19. deemac 19

    Investigate has a “good balance”? you are indeed having a laugh! Wishart’s paranoid rantings are a stain on NZ politics

  20. and just what the hell am i supposed to light my fire or wipe my arse with if newspapers go out of print and i can’t afford toilet paper ?

    …shit just slides of a glossy mag and it doesnt burn properly to get the kindling going

    fucken woe is me !!!

    • uke 20.1

      Such recycling has to be applauded.

      But remember, there will still be junkmail and community newspapers available.

      • Lanthanide 20.1.1

        “But remember, there will still be junkmail available”

        Fixed that for you.

        • uke

          Cheers – I figured it was one of life’s certainties, along with death and taxes.

  21. I guess it says a lot about our community that its printed on a few bits of A4, folded in half and stapled together, compiled by some guy in his sparetime using his home ‘puter and printer and distributed through the local school.

    captcha : spirits (oooh spooky)

  22. Tiger Mountain 22

    Go Polly! watch those staples though…

    Oh well, it looks like the end of the national “sausage wrapper’ is near. Haven’t bought one in months, used to get SST just for a change from net, but soon realised not worth it. I predict regional papers, and suburban freebies to keep on truck’n though.

  23. Rex Widerstrom 23

    The Weekend Australian is always sold out unless I get up early enough on a Saturday morning to buy it. I read the first (news) section on the weekend, then spend an entire week of breakfasts leisurely reading excellent analysis, features, arts and other sections.

    Its readership is fairly steady and rose slightly for the Monday to Friday editions this past year. Of it’s 850,000+ readers around half have household incomes over $80,000 and so are attractive to advertisers.

    But then it’s columnists are people like Noel Pearson and Paul Kelly (no, not the singer, the other one) – people with vast depth and breadth of experience and a valuable perspective to offer.

    The SST, on the other hand, has Michael Laws, Rosemary McLeod et al.

    Conincidence? I think not. People will buy quality, whether its delivered on newsprint or by other means. They won’t buy crap.

    • prism 23.1

      When I was in Britain in the 1970’s I enjoyed the weekend papers there, and their magazines. In depth articles and celebrity pieces but not so much the young current actress, but on survivors and other heroes.

      Still remember about the girl who was the only one living after a plane crash which killed her parents in Peru? She walked out of the jungle alone, exept for a few leeches etc. Also dug out parasites breeding under her skin and other stoic achievements. Great story.

      See NZ sunday papers, they are agonising about whether women should wear 15cm or 30cm high heels and the latest sporting jock and whether it’s more acceptable to use olive oil or rice bran oil on your rocket and what the latest minimalist home decor is like. Actually they could do a really rousing story on the tin sheds at Queens Wharf which I think are full of style waiting to be uncovered.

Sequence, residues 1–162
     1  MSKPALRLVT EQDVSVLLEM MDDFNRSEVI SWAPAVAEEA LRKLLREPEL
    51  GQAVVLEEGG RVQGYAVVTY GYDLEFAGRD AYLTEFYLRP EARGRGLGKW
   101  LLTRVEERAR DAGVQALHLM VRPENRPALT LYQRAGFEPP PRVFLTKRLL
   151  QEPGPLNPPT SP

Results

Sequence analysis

• Bored 23.1.1

        OK Prism, lets get a real top selling story to save the MSM……Jonkey goes with top model on photo shoot opportunity, crashes plane in jungle, borrows her 30cm heels and proves to be a real sports jock, brings back rescue team (and photographer) to save injured model from man eating leaches, which he promptly cooks in rice bran oil and feeds to the famished lovely. Womens Weekly fights it out with Herald for interview with Bronnie about what it is really like to live with a real life photo icon and hero……..feck I know its Friday night but with this sort of dribble I could write for the Listener…..no wonder the MSM is buggered.

        • prism

          Well Bored, I may be a bit slow, but your writing that you call dribble I call marvellous journalism. I loved what you did with bits and pieces of ideas to make a dramatic story and you left the whole thing on a cliffhanger. Will there be a sequel?

          • Bored

            The real world hopes not, far worse fates are in store for all concerned…..will make a great uncovered story.

  24. Tanya 24

    This thread is quite funny. Actually, I sacked myself, revoked my once-Leftie membership, and moved right. Yes, Conservative right, not mealy-mouthed centre-right! Oh, if only NZ had a true blue Maggie Thatcher!

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    BeehiveBy beehive.govt.nz
    2 weeks ago
  • Have your say on proposed changes to make drinking water safer
    Associate Minister for the Environment Kiri Allan is urging all New Zealanders to give feedback on proposed changes aimed at making drinking water safer. “The current regulations are not fit for purpose and don’t offer enough protection, particularly for those whose water comes from smaller supplies,” Kiri Allan said. “This ...
    BeehiveBy beehive.govt.nz
    3 weeks ago
  • Planting the seeds for rewarding careers
    A boost in funding for a number of Jobs for Nature initiatives across Canterbury will provide sustainable employment opportunities for more than 70 people, Conservation Minister Kiri Allan says. “The six projects are diverse, ranging from establishing coastline trapping in Kaikōura, to setting up a native plant nursery, restoration planting ...
    BeehiveBy beehive.govt.nz
    3 weeks ago